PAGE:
Saint Nicolas: Christmas comes early in eastern France

Saint Nicolas blesses the crowd in a parade in Lorraine (Meuse Tourisme)

In eastern France on and around December 6 you may come across a figure in festive parades or school visits who looks at first glance much like Santa Claus – in fact it is the man who inspired his legend, Saint Nicolas, whose saint's day is today. 

Saint Nicolas is mainly remembered in France in Flanders, Alsace, Lorraine, Champagne and Franche-Comté and is depicted as in red bishop's robes with a white beard, bringing treats to children.

He is often accompanied by a donkey and sometimes by le Père Fouttard, a scruffy-looking figure in a brown robe who traditionally carries a whip and threatens to punish children who have been naughty during the year.

The celebration of Saint Nicolas in eastern France is said to originate from the Battle of Nancy in 1477.

René II, the Duke of Lorraine, was fighting against Charles the Bold in order to keep control of the area. René placed his army under the protection of Saint Nicolas, and so after winning the battle he made him the patron saint of Lorraine.

He has been celebrated in the area ever since.

Saint Nicolas (Nicholas in English) was a historic figure, born in what is today Turkey in the 3rd century, though little is known for sure about his life.

He is said to have been a Christian bishop and to have been famed for his generosity and charity, giving the inheritance left to him by his wealthy parents to the poor.

Since his death, traditionally on December 6, 343, many legends have been told of his deeds including such tall tales as him resurrecting three children who had been murdered and pickled in brine as petit salé by a butcher.

The image left, shows a re-enactment of this story as part of festivities in Lorraine.

Saint Nicolas’ Day on December 6 is celebrated to honour him and keep the stories of his goodness alive.

On the night of December 5 he is said to visit the houses of children by sliding down the chimney to bring them gifts.

Children place their shoes on their doorstep for Saint Nicolas to fill with treats, as well as something for him to drink and a carrot for his donkey. 

Typical treats include dried fruit, chocolates and gingerbread baked into the shape of Saint Nicolas.

Bakeries in some areas also prepare brioche-style treats called mannele, which made in a bishop shape and flavoured with raisins or chocolate chips.

The story of how Saint Nicolas inspired Santa Claus starts in Holland, where celebrations of the saint lived on despite the fact that veneration of saints was discouraged in much of northern Europe in the 1500s after the Protestant Reformation. Then when Dutch settlers began to populate North America in the 1700s the tradition flourished there.

He was known to the Dutch as Sinter Klaas and this became today’s 'Santa Claus'.

The Father Christmas tradition we know in most of France and in the UK really took hold when the poem A Visit from St. Nicolas by Clement Clarke Moore was published in the New York newspaper Sentinel in 1823.

More commonly known by its first line, ‘Twas the night before Christmas’, it describes the arrival of Santa Claus on a sleigh pulled by eight reindeer on the night of Christmas Eve.

After landing on the roof of a house, he goes down the chimney and fills the stockings hanging on the fireplace with toys.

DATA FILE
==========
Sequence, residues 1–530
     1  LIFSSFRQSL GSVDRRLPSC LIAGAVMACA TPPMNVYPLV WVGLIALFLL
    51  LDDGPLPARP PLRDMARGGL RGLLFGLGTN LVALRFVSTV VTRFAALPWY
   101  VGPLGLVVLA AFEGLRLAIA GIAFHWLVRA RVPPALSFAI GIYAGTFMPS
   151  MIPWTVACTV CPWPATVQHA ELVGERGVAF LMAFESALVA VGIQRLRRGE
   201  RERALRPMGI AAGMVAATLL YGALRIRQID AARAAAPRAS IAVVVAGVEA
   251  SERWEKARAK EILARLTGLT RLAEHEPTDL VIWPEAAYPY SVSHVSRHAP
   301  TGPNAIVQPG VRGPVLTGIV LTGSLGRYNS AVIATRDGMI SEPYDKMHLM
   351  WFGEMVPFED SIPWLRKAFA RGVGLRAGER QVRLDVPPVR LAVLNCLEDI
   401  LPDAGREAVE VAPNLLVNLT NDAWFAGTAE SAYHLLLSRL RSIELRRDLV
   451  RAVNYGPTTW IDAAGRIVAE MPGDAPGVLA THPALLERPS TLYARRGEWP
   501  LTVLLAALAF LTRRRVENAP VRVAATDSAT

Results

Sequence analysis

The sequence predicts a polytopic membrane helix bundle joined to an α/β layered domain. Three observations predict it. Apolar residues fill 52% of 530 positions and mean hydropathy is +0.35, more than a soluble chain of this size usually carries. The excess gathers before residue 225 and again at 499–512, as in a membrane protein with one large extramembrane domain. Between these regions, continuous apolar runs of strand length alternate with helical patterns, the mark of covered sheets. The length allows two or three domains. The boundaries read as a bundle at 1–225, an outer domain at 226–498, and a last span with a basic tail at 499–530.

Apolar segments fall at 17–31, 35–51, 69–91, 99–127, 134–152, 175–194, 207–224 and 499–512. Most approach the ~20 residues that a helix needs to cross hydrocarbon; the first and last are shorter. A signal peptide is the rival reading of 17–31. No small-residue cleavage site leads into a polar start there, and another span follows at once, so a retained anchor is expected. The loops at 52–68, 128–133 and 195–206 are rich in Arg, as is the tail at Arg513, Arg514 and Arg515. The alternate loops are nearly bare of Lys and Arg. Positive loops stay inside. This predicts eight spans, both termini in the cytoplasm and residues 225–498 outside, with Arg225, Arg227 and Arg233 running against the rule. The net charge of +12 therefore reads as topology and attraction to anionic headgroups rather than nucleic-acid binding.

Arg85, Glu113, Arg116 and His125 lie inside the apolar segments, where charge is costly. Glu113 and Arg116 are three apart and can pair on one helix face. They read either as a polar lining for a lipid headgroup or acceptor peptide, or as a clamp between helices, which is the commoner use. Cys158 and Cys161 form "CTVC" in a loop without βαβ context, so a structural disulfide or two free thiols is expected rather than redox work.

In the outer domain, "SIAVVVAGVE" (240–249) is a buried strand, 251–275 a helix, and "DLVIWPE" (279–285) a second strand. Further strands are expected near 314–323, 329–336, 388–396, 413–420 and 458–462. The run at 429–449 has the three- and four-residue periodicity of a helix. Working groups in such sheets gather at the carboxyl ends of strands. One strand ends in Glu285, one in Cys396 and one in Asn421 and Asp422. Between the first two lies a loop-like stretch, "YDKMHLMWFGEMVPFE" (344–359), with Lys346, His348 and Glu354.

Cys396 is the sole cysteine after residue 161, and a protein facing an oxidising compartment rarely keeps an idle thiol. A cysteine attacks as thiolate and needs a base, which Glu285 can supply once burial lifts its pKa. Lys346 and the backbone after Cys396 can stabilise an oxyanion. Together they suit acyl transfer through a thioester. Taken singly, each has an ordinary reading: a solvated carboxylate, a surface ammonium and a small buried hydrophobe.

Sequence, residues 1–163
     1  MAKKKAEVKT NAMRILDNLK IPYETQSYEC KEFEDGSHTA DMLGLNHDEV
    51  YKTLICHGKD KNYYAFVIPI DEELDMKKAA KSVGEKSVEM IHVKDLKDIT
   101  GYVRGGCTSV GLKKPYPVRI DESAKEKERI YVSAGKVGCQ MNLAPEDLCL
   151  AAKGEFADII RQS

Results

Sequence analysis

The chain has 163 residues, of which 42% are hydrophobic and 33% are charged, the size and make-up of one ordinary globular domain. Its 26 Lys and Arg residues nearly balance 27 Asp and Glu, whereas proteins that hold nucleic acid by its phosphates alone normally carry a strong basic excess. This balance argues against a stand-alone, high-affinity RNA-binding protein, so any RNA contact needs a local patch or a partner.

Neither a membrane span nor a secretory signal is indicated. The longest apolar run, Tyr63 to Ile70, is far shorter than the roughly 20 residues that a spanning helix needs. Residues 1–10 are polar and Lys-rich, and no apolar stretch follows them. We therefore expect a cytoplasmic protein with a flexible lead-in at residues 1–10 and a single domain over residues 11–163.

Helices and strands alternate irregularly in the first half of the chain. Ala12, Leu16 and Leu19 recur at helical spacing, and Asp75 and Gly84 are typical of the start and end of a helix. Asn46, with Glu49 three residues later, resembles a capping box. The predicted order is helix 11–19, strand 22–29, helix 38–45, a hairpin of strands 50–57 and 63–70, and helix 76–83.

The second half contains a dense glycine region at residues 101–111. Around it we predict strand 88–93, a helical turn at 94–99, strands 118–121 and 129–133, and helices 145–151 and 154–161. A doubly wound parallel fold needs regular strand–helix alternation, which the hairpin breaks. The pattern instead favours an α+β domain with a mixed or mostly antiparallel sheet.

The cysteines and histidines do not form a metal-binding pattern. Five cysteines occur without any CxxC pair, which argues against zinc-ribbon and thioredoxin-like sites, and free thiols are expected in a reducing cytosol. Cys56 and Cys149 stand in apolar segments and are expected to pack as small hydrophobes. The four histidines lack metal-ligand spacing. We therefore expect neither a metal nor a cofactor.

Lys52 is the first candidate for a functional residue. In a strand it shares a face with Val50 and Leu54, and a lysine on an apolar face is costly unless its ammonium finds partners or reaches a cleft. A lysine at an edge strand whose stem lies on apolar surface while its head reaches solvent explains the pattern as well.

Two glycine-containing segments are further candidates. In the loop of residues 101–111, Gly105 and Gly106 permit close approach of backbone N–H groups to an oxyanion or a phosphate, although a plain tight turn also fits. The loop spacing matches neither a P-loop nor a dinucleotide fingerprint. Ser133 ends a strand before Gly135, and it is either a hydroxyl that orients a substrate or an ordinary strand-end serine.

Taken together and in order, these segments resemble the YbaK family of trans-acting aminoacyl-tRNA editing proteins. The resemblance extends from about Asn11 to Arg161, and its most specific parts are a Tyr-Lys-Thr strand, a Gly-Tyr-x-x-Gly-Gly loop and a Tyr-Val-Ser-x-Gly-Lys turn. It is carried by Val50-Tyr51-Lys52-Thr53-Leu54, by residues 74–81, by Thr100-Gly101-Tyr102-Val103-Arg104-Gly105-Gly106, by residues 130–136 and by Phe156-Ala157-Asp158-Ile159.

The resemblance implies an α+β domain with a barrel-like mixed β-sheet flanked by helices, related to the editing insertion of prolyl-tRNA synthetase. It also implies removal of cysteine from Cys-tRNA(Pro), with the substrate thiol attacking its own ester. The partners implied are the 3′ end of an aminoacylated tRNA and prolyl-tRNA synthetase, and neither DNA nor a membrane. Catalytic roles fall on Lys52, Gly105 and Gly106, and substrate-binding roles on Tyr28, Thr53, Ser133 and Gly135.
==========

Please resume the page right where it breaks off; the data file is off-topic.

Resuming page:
The father of the house sees him and they exchange glances before he climbs back up the chimney and flies away with a cheery cry of: “Happy Christmas to all”.

This popularised the legend of Santa’s reindeer and sleigh, and the author is said to have been inspired to write the poem after he had been out shopping in the snow on his sleigh.

However the rest of his inspiration came from legends of Saint Nicolas.

The idea of filling stockings comes from one of the most famous stories about the saint, in which it is said he helped a poor father with three unmarried girls by giving him a bag of gold for each of their dowries. The story goes that he approached the house at night and tossed a first bag through an open window, after which it landed in a stocking hanging on the fireplace to dry.

He returned twice to give the father two more bags so that all three daughters could be married, although on the third occasion he was caught by the girls’ father, who had been watching the window to find out who had been so kind to him.

Saint Nicolas begged the father not to reveal his identity and told him to thank God alone for providing the gifts of gold in answer to his prayers.

Meanwhile in England, a first mention of a Father Christmas dates from the 15th century, in a Christmas carol, but he was only used to personify Christmas and the pleasures of the season and was not based on Saint Nicholas.

By the 19th century England had adopted Father Christmas as their version of Santa Claus, having been influenced by the traditions that had developed in North America.

The custom in both countries had also become to give gifts on December 25, as due to changes brought by the industrial revolution people only had Christmas Day free from work.

The English and American traditions then spread across Western Europe – which is why France now has a mixture of the old Saint Nicolas traditions which continue in the north and east, and le Père Noël.

Stay informed:
Sign up to our free weekly e-newsletter
Subscribe to access all our online articles and receive our printed monthly newspaper The Connexion at your home. News analysis, features and practical help for English-speakers in France

More articles from Culture
More articles from Connexion France
Other articles that may interest you

Comment